After leaving Inter, Mancini became the manager of Manchester City giving to that half of Manchester a Premier League title (season 2011/2012), an FA Cup (season 2010/2011) and a Community Shields (2012).

He was also the manager at Galatasaray in Turkey (Season 2013-2014, winning a Turkish Cup), a second unsuccessful stint at Inter (from November 2014 to June 2016) and, finally, at Zenith St. Petersburg this season. All in all, Mancini, as a manager, won 13 titles among every competition between Italy, England, Turkey, and Russia, making him one of the best-considered manager in European Football. At National Team level, Mancini has 36 caps with Italy, with four goals and a third place in the Italia ’90 World Cup.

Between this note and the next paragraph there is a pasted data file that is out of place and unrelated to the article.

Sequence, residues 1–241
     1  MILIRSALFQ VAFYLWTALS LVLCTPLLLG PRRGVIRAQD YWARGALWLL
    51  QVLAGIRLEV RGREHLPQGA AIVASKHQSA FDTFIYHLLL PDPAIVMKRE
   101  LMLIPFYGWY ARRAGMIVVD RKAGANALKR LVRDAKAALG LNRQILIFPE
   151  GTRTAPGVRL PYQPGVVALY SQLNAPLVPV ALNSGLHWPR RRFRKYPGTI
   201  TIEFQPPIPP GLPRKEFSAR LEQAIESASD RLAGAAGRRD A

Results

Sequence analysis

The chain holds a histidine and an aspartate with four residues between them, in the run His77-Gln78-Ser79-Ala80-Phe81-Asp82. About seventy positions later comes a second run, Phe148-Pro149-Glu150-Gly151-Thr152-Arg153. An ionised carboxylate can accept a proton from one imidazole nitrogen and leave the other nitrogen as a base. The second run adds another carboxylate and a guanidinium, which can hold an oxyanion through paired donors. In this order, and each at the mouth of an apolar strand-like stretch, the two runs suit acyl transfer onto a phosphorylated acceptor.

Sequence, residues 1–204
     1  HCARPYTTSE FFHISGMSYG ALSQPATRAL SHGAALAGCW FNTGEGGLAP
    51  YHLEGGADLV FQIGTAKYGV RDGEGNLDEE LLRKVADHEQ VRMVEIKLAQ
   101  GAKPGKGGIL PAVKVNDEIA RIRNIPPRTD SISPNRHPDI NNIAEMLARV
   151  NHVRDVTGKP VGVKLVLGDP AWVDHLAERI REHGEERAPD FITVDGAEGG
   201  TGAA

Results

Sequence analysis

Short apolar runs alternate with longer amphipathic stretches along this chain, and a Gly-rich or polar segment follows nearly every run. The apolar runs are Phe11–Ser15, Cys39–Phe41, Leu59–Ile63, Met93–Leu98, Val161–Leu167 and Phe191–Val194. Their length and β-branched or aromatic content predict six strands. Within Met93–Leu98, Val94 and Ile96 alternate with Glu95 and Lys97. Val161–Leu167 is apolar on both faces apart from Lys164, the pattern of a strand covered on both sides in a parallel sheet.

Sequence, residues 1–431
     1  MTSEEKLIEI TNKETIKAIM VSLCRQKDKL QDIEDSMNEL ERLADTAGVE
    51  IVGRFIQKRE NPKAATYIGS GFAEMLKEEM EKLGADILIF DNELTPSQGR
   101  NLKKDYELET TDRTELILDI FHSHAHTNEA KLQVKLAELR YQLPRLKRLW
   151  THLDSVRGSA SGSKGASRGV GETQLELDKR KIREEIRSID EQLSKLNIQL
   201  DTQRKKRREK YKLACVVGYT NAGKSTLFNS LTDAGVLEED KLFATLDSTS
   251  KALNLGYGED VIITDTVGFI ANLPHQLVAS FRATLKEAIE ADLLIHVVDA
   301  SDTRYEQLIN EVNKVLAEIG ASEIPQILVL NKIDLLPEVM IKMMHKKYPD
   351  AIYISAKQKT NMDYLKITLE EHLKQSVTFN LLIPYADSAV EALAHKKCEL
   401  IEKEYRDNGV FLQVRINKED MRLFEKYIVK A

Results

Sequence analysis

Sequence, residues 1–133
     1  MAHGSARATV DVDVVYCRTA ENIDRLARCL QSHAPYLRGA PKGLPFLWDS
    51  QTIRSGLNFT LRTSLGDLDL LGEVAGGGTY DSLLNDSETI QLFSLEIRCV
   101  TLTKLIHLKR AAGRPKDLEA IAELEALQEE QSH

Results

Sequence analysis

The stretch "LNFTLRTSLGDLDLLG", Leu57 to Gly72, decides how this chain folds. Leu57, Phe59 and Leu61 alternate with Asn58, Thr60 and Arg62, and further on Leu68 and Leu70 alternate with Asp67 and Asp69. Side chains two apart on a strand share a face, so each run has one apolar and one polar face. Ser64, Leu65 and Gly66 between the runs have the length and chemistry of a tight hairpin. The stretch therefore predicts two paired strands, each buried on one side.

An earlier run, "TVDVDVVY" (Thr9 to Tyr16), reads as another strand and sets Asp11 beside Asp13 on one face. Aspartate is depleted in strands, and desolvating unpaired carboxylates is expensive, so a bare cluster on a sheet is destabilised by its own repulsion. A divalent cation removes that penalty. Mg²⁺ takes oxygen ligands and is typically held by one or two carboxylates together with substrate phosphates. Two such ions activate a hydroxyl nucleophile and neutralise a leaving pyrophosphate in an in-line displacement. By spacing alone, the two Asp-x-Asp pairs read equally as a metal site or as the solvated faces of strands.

For Mancini to bring glory to Italy he must bring back Mario Balotelli

Roberto Mancini will have the task to bring back Italy to the place it belongs in the world soccer landscape. Particularly after the major let down of not qualifying for the World Cup in Russia - Italy was eliminated by Sweden at the playoff - this summer.

Italian soccer is facing an impervious transition phase. The likes of Gianluigi Buffon, Francesco Totti, Andrea Pirlo, Giorgio Chiellini, to name a few, have already retired, or are on the verge of calling it a career. At the same time, there are a bunch of young talents (Andrea Belotti, Gianluigi Donnarumma, Lorenzo Pellegrini and Federico Chiesa just to highlight the brightest ones) who are not yet established.